Friday, April 25, 2008


Darbi and I attended the Grace Fellowship again this morning. The diversity among those who attend, yet who are able to worship together without discomfort, is utterly amazing. Seeking faith in the U.S.A., where it is so easy, involves so many impediments - social class, experience, denomination. In a distant land where the people in the room couldn't be more diverse if they tried, there is overwhelming peace with self and other that verifies the true love of God.

The visiting minister (who has been with Grace for the last three months) spoke about three "M"s - motivation, ministry, and mission. These are obviously very important to faith but they reminded me of three other "M"s that were the topic of conversation among some of us who went out with Susan Komives the other night. Someone had described the ex-patriots who come to Qatar as either missionaries, mercenaries, or misfits. From the moment I heard these terms I've struggled because my perception is that not one of these "M"s results in the kind of role and service that I see as worthy. I've searched my brain for days trying to figure out a fourth "M." Finally it occurred to me this morning as the pastor was describing his "M"s. The "M" that I hope I embrace and that I hope is characteristic of many ex-pats is maximizer. The maximizer is an individual who knows there is work to be done, looks for her/his and others' resources, draws all together, and approaches the task with optimism and conviction.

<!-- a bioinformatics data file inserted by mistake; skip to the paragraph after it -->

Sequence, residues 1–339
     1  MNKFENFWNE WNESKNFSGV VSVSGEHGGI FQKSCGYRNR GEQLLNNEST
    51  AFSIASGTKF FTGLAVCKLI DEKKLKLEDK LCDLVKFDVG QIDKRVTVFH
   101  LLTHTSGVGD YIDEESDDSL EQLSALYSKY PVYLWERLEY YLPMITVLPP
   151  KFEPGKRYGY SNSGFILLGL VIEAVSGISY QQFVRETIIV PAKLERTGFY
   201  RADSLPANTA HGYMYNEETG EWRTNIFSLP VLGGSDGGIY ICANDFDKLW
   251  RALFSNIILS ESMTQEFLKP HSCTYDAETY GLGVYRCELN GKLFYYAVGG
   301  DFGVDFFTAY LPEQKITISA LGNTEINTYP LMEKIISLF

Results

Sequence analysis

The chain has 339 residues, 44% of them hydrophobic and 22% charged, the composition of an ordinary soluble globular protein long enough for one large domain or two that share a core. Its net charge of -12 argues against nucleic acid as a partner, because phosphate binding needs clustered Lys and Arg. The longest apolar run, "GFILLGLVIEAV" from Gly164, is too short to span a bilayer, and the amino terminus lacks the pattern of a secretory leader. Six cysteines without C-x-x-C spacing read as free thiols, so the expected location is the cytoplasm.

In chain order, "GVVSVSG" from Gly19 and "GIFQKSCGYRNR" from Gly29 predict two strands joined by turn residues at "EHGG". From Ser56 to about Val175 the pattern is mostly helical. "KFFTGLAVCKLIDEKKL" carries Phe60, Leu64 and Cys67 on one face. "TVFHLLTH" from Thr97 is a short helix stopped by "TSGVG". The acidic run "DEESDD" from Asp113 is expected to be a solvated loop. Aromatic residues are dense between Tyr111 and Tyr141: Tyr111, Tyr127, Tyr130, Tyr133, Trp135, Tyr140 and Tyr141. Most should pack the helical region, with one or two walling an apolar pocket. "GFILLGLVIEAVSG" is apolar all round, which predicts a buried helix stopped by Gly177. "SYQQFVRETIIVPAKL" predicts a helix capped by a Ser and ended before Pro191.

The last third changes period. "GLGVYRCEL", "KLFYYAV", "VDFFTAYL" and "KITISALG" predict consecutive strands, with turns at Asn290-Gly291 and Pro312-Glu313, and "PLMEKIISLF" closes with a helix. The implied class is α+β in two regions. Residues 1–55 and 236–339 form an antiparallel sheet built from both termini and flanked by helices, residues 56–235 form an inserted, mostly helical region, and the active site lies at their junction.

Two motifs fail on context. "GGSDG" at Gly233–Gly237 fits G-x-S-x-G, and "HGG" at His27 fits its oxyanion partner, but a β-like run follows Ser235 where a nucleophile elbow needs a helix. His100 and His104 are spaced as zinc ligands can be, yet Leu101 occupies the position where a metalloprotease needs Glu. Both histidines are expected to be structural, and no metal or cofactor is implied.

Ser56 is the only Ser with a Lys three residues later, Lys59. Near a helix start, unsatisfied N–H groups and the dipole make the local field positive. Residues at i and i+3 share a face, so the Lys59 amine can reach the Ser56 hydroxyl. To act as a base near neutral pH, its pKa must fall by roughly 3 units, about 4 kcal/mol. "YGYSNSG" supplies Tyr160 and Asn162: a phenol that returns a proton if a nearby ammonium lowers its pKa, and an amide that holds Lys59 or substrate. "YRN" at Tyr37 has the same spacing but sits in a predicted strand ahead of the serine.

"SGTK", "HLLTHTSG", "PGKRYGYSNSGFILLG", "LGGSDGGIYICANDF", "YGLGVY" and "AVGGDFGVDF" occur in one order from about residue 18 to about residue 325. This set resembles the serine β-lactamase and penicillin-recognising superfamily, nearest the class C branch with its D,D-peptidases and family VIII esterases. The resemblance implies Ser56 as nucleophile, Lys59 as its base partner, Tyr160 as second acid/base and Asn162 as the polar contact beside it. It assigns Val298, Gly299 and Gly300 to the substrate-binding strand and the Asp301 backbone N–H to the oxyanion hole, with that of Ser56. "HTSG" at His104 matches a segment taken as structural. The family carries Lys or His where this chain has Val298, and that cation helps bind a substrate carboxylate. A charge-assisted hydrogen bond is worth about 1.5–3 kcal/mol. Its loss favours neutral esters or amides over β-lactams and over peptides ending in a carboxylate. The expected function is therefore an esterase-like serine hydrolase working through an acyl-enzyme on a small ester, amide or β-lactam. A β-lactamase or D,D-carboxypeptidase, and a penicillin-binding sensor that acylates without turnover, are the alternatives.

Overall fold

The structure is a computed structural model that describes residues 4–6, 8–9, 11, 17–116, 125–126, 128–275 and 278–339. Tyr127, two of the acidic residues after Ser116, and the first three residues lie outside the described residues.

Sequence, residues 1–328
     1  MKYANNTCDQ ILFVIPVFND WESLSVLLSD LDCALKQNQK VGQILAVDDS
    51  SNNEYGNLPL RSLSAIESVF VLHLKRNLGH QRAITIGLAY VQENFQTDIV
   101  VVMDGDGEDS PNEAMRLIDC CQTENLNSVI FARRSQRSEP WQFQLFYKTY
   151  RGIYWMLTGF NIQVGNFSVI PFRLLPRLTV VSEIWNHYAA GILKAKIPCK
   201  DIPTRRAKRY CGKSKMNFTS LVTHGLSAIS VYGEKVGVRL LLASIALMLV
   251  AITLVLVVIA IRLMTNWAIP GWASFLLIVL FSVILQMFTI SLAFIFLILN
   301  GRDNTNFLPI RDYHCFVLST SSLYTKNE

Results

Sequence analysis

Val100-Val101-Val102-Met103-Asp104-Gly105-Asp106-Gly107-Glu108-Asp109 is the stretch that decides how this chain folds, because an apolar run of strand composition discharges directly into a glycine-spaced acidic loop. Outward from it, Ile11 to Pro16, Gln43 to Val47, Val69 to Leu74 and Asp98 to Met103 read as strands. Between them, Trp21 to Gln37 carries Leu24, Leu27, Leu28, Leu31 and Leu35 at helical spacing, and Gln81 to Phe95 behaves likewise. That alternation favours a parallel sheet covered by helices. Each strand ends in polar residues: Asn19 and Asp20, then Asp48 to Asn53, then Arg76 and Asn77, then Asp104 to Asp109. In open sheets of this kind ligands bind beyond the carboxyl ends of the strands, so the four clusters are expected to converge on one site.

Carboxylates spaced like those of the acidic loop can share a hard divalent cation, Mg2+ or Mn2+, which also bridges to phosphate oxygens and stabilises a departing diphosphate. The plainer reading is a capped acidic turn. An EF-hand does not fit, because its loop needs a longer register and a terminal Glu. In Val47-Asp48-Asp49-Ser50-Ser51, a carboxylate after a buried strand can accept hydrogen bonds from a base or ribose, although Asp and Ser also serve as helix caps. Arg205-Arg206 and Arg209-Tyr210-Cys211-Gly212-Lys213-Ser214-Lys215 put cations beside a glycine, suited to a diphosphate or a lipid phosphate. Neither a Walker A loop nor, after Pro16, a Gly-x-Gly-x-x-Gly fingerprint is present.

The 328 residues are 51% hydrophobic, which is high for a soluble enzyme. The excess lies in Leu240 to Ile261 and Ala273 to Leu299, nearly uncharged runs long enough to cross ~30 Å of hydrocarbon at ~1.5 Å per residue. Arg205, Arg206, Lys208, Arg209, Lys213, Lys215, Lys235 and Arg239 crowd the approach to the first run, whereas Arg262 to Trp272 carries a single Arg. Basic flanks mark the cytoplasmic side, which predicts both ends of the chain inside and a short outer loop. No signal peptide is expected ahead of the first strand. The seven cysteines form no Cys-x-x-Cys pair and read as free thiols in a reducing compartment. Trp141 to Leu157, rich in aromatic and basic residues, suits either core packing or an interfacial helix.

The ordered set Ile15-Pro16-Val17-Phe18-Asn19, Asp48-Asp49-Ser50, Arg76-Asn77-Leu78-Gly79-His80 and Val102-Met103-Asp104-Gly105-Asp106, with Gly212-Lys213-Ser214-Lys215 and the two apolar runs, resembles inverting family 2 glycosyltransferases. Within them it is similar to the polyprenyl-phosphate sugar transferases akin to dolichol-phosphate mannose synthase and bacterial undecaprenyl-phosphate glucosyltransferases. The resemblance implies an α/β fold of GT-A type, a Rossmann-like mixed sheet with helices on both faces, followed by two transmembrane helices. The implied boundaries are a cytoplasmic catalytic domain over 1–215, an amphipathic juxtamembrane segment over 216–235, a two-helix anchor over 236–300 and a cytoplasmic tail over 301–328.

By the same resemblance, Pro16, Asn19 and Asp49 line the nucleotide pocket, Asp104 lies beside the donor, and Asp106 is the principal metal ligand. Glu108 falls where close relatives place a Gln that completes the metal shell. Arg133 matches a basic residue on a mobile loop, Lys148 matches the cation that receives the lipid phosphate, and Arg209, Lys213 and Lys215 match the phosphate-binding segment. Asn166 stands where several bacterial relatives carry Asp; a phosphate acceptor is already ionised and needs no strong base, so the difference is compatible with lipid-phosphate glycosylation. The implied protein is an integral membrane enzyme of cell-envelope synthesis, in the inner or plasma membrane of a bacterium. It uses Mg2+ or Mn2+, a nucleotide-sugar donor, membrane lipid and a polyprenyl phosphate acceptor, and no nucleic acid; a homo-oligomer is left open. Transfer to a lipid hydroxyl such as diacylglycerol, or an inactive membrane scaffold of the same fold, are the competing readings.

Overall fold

Once I escaped the "M"s, I also started thinking about what it takes to become a maximizer. I thought of the sequence of humility, inclusivity, and affirmation as the keys. When you think of people whose motivation is to change others (i.e. mission) or whose purpose is to advance themselves (mercenary), there's not much that is likely to result in terms of the common good. For certain, the misfit will struggle. However, it seems that if we started with humility about who we are, coupled that with a commitment to include as much as possible, then we would have the kind of affirming environment that would maximize the potential of all.

I've seen a few unfortunate souls here who are missionaries, mercenaries, or misfits, but those who are making a difference and have the spirit to stick with it, are all about maximizing their own effectiveness and working with others so they can as well.

These images are of the Ceremonial Court at Education City at night. Tonight is a calm, warm, and beautiful night and I couldn't resist taking some nighttime pictures. In a few days, the Class of 2008 of four of our six Education City branch campuses will graduate. They will come to this Ceremonial Court to experience the passage into a life of purpose and promise.

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